Here, we will have a look at how the Tezos node performs (how fast it syncs the chain from scratch ) on different AWS instances as well as a general purpose Digital Ocean instance.

For this test, the following instances were used:

Tested Nodes

Note that the cost per month is calculated from the on-demand rate, you could get much cheaper instances if you reserve an instance for a longer time, or with spot-instances but we won’t go too much into AWS pricing model here, however, spot-pricing is definitely a thing to look at for fail-over nodes for example.

On all instances we ran a Tezos node with docker (using the official tezos/tezos:mainnet) in all possible storage nodes, as well as an archive node compiled from source.

The main purpose of this was to look into the effects of different Storage as this is the most important aspect of a cloud node in terms of performance and syncing speed, given that Tezos currently only runs on one CPU, the number of CPU cores for each instance should have no influence on the outcome, however single-core speed could if the storage is fast enough to not be the bottleneck.

So let`s look at our different Storage options in more detail.

Digital Ocean states that data is stored on hardware separated from your Droplet and it’s replicated multiple times across different racks, reducing the chance of data loss in case of hardware failure.

This is very similar to EBS volumes for AWS, however, we do not quite get the amount of information that AWS provides about their Storage implementation.

AWS offers two types of storage, EBS and Instance Storage. EBS is similar to Digital Ocean’s storage, the disks are not in the same (physical) instance as the CPU and RAM, but in the same data center and presumably spread over many hardware disks, in this way the Storage volume will survive even if your instance fails, and you can move EBS volumes from one instance to another.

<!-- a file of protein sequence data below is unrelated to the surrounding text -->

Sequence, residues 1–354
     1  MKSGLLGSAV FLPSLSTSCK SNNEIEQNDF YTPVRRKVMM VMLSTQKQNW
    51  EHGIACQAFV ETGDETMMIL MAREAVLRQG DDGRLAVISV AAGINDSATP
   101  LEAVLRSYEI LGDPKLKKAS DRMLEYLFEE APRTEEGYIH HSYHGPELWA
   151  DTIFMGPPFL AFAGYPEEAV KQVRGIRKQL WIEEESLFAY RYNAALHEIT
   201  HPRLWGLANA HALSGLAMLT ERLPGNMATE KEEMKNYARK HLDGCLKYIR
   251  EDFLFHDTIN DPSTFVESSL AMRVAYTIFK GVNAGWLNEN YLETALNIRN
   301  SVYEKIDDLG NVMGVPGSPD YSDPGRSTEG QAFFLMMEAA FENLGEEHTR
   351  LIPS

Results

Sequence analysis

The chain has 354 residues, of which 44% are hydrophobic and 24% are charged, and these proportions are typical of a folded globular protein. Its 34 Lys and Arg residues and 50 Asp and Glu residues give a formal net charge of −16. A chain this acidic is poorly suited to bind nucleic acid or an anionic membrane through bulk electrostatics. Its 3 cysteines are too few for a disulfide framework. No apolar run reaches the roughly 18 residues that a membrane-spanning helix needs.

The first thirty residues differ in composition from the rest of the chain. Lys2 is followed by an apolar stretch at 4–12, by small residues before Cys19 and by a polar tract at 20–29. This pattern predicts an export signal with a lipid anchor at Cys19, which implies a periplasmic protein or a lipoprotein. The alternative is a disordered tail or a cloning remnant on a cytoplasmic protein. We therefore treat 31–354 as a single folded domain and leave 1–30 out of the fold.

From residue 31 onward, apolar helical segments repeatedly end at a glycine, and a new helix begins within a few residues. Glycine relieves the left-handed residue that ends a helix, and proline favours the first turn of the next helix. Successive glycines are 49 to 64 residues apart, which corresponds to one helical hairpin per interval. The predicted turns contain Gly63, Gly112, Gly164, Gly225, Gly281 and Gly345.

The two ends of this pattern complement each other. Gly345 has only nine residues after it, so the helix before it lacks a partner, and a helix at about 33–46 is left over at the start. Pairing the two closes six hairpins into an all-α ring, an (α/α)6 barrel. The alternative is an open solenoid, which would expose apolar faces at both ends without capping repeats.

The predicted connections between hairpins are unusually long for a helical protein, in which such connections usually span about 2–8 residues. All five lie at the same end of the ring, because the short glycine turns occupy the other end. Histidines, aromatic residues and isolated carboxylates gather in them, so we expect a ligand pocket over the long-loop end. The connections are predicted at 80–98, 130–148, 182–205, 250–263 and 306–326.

Instance Store on the other hand is a disk that is physically attached to the virtualization host, this provides a lot lower latency, more IOPS (input-output operations per second), but comes at the cost that the volume will not survive instance failure, as soon as the instance stops, the volume is gone so you should not use it for databases for example. For Tezos nodes specifically, instance store could be a good option if you have a setup with multiple nodes as fail-over.

EBS volumes come with caveats of their own however and most importantly there are multiple types of EBS volumes as can bee seen here:

Ec2 Storage

For this test, we used only gp2 Volumes, the default Option, but it gets more complicated, EBS volumes get faster the bigger the volume is, so a 50 GB volume might perform slower under constant load than a 500 GB volume. On a running node, this should not be a big difference, as most IO then will fall under “Burst IOPS” — rate-limited fast access to your data, but for syncing the blockchain from scratch the size of the volume will have big influence as the following diagram shows:

Ec2 Storage

For this test both EBS volumes were 250GB in size.

Docker Results

Enough theory, let’s look at data,

On all instances we ran a node with docker using

docker run -v <HostPath>:/var/run/tezos tezos/tezos:mainnet tezos-node — history-mode <mode>

and tracked BlockHeight over time, here are the results:

Ec2 Storage

Ec2 Storage

Ec2 Storage

Unsurprisingly, Aws3 with the nvme instance performed best, what is interesting however is that EBS optimization had little to no effect, AWS writes about EBS optimized instances:

An Amazon EBS–optimized instance uses an optimized configuration stack and provides additional, dedicated capacity for Amazon EBS I/O. This optimization provides the best performance for your EBS volumes by minimizing contention between Amazon EBS I/O and other traffic from your instance.

So basically EBS optimized instances get dedicated bandwidth to EBS volumes, that would otherwise be shared with the networking bandwidth of your instance, however, it appears that the Tezos node does not generate enough traffic for this to have any significant effect.

It is also worth noting that archive nodes perform a little bit faster than other Storage modes, presumably because in rolling and full modes, the node spends extra time cleaning up the unneeded data.